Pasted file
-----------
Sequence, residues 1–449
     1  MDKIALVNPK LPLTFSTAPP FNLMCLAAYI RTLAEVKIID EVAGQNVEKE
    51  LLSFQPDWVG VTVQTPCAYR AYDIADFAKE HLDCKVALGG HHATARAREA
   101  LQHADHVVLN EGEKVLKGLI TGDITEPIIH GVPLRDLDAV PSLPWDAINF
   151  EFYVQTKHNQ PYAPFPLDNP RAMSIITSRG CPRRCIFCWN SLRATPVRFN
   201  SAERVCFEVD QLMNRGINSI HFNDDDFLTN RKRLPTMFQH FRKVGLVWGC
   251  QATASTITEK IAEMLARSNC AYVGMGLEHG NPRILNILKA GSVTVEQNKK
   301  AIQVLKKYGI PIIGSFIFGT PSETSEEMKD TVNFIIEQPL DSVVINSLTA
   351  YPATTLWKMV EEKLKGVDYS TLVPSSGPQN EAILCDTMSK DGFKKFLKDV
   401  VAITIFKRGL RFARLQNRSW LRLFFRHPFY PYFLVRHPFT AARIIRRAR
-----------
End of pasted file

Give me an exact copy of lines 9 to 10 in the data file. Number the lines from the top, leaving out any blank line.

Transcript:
   351  YPATTLWKMV EEKLKGVDYS TLVPSSGPQN EAILCDTMSK DGFKKFLKDV
   401  VAITIFKRGL RFARLQNRSW LRLFFRHPFY PYFLVRHPFT AARIIRRAR